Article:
In this study, 32 patients with superficial gastric neoplasia referred for endoscopic submucosal dissection (ESD) were recruited; 25 patients undergoing follow-up endoscopy after ESD were also enrolled as neoplasia-free controls ( Fig. 1 ). Patients with obvious advanced gastric carcinomas or cancerous lesions with deep invasion to the gastric submucosa were excluded. Each patient underwent UTE (GIF-XP260N, Olympus Medical Systems Corp, Tokyo, Japan) and HDE (GIF-H260Z, Olympus Medical Systems Corp) back-to-back in a randomized order. UTE and HDE were independently performed by 2 different experienced endoscopists who did not have access to any clinical information before the endoscopic examination. The study coordinator organized the patient data and guided the 2 endoscopists, one at a time, into the endoscopic room. The endoscopists independently performed endoscopic examination under conscious sedation on the same patient and recorded the diagnosis of neoplastic as well as nonneoplastic lesions, including gastric ulcers or gastric polyps. All lesions recorded as neoplastic or nonneoplastic, as well as any neoplastic lesion that was referred for ESD but not detected by either endoscopist, were biopsied by the second endoscopist under the supervision of the study coordinator, who attended all endoscopic examinations and was aware of the diagnosis made by the 2 endoscopists. The study coordinator could easily notice the existences of gastric neoplasias referred for ESD but missed by the participating endoscopists because he was aware of the pathologic reports and representative endoscopic images recorded at the affiliated hospitals. The pathology results from the biopsy were used as a gold standard for the diagnosis of gastric cancer.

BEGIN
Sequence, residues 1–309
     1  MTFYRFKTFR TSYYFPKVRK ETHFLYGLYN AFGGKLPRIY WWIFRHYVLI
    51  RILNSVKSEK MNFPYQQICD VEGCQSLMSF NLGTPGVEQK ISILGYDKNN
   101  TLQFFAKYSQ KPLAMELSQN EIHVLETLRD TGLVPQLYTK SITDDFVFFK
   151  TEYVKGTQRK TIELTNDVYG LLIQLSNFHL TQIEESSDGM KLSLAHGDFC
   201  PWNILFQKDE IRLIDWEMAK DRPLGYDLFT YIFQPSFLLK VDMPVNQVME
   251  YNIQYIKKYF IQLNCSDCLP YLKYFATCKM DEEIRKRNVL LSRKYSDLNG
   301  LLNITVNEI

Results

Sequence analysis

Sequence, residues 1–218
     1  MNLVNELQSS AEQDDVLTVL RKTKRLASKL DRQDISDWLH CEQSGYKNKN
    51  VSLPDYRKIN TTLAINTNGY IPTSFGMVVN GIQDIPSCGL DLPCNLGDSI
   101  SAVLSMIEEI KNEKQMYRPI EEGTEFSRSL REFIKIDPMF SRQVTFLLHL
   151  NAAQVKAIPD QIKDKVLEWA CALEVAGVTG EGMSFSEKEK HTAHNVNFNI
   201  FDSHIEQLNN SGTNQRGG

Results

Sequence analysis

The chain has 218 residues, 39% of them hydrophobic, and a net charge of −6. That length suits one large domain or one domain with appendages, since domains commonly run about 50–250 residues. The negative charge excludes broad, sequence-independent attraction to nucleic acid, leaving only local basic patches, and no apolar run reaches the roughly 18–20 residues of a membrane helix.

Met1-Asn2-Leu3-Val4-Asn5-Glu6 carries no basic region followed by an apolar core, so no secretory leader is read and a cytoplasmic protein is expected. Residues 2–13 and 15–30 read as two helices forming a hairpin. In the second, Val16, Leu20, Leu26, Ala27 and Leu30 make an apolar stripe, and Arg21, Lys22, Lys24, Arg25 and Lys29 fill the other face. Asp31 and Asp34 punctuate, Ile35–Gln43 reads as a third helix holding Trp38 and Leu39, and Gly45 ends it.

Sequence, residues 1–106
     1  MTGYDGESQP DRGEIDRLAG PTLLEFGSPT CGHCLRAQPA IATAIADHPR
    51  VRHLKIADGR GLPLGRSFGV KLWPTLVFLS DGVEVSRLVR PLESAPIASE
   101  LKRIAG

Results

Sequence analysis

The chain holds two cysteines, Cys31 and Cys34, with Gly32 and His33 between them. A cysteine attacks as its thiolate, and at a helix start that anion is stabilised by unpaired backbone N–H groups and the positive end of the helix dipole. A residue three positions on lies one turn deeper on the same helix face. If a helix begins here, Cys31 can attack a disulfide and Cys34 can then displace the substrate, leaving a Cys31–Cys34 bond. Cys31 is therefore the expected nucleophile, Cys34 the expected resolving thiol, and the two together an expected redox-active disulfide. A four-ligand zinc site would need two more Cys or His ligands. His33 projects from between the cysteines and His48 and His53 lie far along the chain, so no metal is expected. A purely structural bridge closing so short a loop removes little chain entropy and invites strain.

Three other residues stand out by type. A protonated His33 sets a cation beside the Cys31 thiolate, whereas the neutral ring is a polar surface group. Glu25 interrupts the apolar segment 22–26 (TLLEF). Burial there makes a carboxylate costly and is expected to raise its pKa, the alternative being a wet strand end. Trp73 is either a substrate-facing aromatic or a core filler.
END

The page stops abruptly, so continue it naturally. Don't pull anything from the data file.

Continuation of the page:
Among 57 enrolled patients, 41 lesions (16.5 ± 13.5 mm in diameter, mean ± SD) were pathologically diagnosed as neoplasias (27 carcinomas and 14 adenomas). Of the 41 pathologically diagnosed neoplasias, 11 were not detected and 3 were diagnosed as nonneoplasias by UTE, indicating that the missing and misdiagnosis rates of UTE were 26.8% and 14.6%, respectively. Similarly, 5 of the 41 pathologically diagnosed neoplasias were not detected and 4 were diagnosed as nonneoplasias by HDE, indicating that the missing and misdiagnosis rates of HDE were 12.2% and 9.8%, respectively. The rate of missed and misdiagnosed proximal lesions (fornix and corpus) was significantly higher for UTE (29%) than for HDE (7.2%) ( P = .002). In comparison, the rates of missed lesions and misdiagnosed distal lesions (angulus and antrum) were comparable for UTE and HDE ( Table 1 ). Representative neoplastic lesions missed by UTE but correctly diagnosed by HDE are shown in Fig. 2 .
|(A) Comparison of the diagnostic accuracy in the diagnosis of gastric cancer|
|UTE||58.5%||P = 0.021||91.8%||P = 0.014|
|(B) Rates of missed and misdiagnosed lesions including neoplasia and nonneoplasia|
|All Lesions (95% CI a )||Distal Lesions (Angulus-Antrum)||Proximal Lesions (Fornix-Corpus)|